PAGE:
среда, 8 августа 2018 г.

bug in wtsapi32!WTSFreeMemoryExA

prototype
BOOL WTSFreeMemoryExA(
  WTS_TYPE_CLASS WTSTypeClass,
  PVOID          pMemory,
  ULONG          NumberOfEntries
);

WTS_TYPE_CLASS declared in WtsApi32.h as
enum _WTS_TYPE_CLASS {
  WTSTypeProcessInfoLevel0 = 0x0,
  WTSTypeProcessInfoLevel1 = 0x1,
  WTSTypeSessionInfoLevel1 = 0x2,
};

ok, check in disasm what happens:
WTSFreeMemoryExA proc near 
  push    rbx
  sub     rsp, 20h
  xor     ebx, ebx
  cmp     ecx, ebx
  jl      short loc_7FF70582EC2
  cmp     ecx, 1 ; whut ?
  jg      short loc_7FF70582EC2
  call    WTSFreeMemoryExW
  mov     ebx, eax
  jmp     short loc_7FF70582ECD

loc_7FF70582EC2: 
  mov     ecx, 87         ; dwErrCode - ERROR_INVALID_PARAMETER
  call    cs:__imp_SetLastError 

as you can see you cannot pass WTSTypeSessionInfoLevel1 to function WTSFreeMemoryExA - it gives error ERROR_INVALID_PARAMETER. As dirty workaround you can use WTSFreeMemoryExW - it has correct checking of WTSTypeClass. btw this lead to memory leaks and known at least since 2013

пятница, 29 июня 2018 г.

interesting case of memory leak

after three weeks of work service osqueryd.exe consumed about 150 mb of memory. so I made full memory dump with process explorer and run !heap -l in windbg
298991 string in log ! lets write quick and ditry perl script to calculate sizes of leaked blocks:
my $state = 0;
my($str, %dict, $size);
while( $str = <> )
{
  chomp $str;
  last if ( $str eq '' );
  if ( ! $state )
  {
    $state = 1 if ( $str =~ /^-----/ );
    next;
  }
  $str = substr($str, 72, 10);
  $str =~ s/^\s+//g;
  $str =~ s/\s+$//g;
  $size = hex($str);
  next if ( !$size );
  $dict{$size} += 1;
}

# dump results
my $iter;
foreach $iter ( sort { $dict{$b} <=> $dict{$a} } keys %dict )
{
  printf("%X %d\n", $iter, $dict{$iter});
}
results are encouraging:

среда, 17 января 2018 г.

wincheck rc8.60

download
mirror
Changelog:
  • add some support of meltdown patched kernels. It seems that Microsoft backported from w10 InterruptObject to KPRCB on windows 8.1. so all offsets below this field were shifted downward and previous version of wincheck produced BSODs
  • add dumping of SYSTEM_KERNEL_VA_SHADOW_INFORMATION
  • add support of windows 10 build 17063
  • add lots of new WNF IDs names from ADK version 10.1.16299

пятница, 24 ноября 2017 г.

wincheck rc8.59

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mirror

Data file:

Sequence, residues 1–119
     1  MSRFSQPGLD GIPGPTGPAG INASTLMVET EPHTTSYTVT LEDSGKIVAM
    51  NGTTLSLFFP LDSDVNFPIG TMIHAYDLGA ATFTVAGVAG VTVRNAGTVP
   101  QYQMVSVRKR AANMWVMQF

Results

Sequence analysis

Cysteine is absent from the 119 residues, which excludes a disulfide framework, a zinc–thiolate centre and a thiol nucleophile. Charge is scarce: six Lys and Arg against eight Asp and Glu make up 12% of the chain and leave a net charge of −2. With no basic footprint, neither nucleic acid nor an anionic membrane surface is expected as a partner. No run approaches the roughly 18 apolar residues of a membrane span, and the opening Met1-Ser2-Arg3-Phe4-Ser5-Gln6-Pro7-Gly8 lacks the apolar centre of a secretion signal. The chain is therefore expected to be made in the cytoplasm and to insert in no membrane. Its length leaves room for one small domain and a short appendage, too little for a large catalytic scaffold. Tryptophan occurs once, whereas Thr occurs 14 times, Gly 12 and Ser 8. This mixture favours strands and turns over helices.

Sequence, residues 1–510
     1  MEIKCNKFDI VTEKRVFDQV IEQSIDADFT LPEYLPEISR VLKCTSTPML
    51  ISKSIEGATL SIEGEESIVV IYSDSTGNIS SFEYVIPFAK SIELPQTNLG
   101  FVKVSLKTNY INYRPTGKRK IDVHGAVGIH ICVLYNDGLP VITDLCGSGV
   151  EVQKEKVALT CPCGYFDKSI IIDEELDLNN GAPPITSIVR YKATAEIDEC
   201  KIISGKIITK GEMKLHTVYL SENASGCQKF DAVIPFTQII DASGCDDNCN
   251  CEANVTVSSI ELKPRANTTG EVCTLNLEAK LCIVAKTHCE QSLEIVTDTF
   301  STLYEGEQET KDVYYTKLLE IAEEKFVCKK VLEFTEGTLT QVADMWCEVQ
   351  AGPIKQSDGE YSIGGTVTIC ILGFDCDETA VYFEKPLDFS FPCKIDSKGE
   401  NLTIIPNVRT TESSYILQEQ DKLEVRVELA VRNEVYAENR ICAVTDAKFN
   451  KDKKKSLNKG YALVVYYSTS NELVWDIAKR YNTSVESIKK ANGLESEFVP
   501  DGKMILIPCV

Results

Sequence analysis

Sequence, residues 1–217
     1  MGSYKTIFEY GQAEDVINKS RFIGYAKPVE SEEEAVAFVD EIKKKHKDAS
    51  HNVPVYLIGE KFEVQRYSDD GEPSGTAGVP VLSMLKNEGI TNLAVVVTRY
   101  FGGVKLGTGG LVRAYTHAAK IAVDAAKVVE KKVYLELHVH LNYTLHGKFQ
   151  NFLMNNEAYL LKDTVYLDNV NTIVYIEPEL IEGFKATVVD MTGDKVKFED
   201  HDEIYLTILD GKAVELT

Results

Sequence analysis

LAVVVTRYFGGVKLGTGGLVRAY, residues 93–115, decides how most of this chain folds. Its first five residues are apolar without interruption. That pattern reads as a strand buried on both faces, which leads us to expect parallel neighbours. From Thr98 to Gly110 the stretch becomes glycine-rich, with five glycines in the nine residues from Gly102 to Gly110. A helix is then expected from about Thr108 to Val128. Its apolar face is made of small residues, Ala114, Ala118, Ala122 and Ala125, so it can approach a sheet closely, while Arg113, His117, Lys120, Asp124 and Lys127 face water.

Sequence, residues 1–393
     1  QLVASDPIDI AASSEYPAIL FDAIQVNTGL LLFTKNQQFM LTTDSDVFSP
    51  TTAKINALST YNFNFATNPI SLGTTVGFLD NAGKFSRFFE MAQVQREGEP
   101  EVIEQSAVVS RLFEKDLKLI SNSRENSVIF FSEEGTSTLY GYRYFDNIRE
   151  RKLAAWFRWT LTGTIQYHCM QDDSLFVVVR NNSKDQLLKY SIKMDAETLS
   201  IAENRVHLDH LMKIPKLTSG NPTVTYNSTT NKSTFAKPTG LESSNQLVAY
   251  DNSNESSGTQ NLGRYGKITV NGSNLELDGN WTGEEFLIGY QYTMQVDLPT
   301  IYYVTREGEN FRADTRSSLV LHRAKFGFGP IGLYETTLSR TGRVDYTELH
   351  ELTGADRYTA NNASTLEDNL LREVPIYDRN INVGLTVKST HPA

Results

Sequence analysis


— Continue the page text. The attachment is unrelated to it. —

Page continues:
Changelog:
  • add support of numerous versions of windows 10 insider preview - up to ~17025
  • add -dsip option to dump SIPs from crypt32.dll
  • add -dac & -dsac options to dump activation contexts and system activation contexts. based on this code from @deroko
  • add dumping of rpcrt4 security providers
  • add dumping of ETW private loggers (-wmi option)
  • add lots of WNF IDs names
  • add dumping of registered with winnsi!NsiRpcRegisterChangeNotification notifications

четверг, 16 ноября 2017 г.

crypt32.dll SIPs

in cool paper "subverting windows trust" was described mechanism of subject interface package (SIP)
Lets see how we can extract and dump them
Unfortunately list of SIPs inside crypt32.dll don't have name in .pdb. One way is to find it with help of IDA Pro from function FindDll:

  push    [ebp+nSize]                   ; nSize
  push    ebx                           ; lpDst
  push    [ebp+lpSrc]                   ; lpSrc
  call    ds:__imp__ExpandEnvironmentStringsW@12
  test    eax, eax
  jz      short loc_5CF28F50
  push    offset dll_cs

  call    ds:__imp__EnterCriticalSection@4
  mov     edi, dll_list ; linked list of SIPs
  test    edi, edi
  jz      short loc_5CF28F89

next_item:
  push    0FFFFFFFFh                    ; cchCount2
  push    dword ptr [edi+8]             ; lpString2
  push    0FFFFFFFFh                    ; cchCount1
  push    ebx                           ; lpString1
  push    1                             ; dwCmpFlags
  push    409h                          ; Locale
  call    ds:__imp__CompareStringW@24
  dec     eax
  sub     eax, 1
  jz      short loc_5CF28F41
  mov     edi, [edi+4]
  test    edi, edi
  jnz     short next_item


this address (I named it dll_list) contains head of linked list to SIPs structures like this:
struct sip_item
{
  sip_item *next;
  PVOID unk4;        // ptr to crypto32_dll_list_item
  const char *fname; // actually ends to end of sip_item
  PVOID pfn; // if function was resolved, else NULL
};

struct crypto32_dll_list_item
{
  PVOID unk;
  crypto32_dll_list_item *next;
  const wchar_t *dll_name;

  HANDLE base; // if dll was loaded - load base else NULL
  DWORD unk10;
  DWORD unk14;
  sip_item *func_items_list;
  PVOID unk20;
  PVOID unk24;
  PVOID unk28;
};

вторник, 7 ноября 2017 г.

rpcrt4 security providers

Count of loaded providers stored in rpcrt4!LoadedProviders and list in rpcrt4!ProviderList
Structure of each provider can be partially recovered from function FindSecurityPackage:
struct _rpc_loaded_provider
{
  DWORD unk1;
  PVOID unk2;
  PSecurityFunctionTable table; 
  PVOID unk3;
  PVOID unk4;
}; // size of struct 0x14 for x86 and 0x28 for x64


It's interesting that the function of InitSecurityFunctionTable patches the contents of SECURITY_FUNCTION_TABLE. Sample of output from w8.1: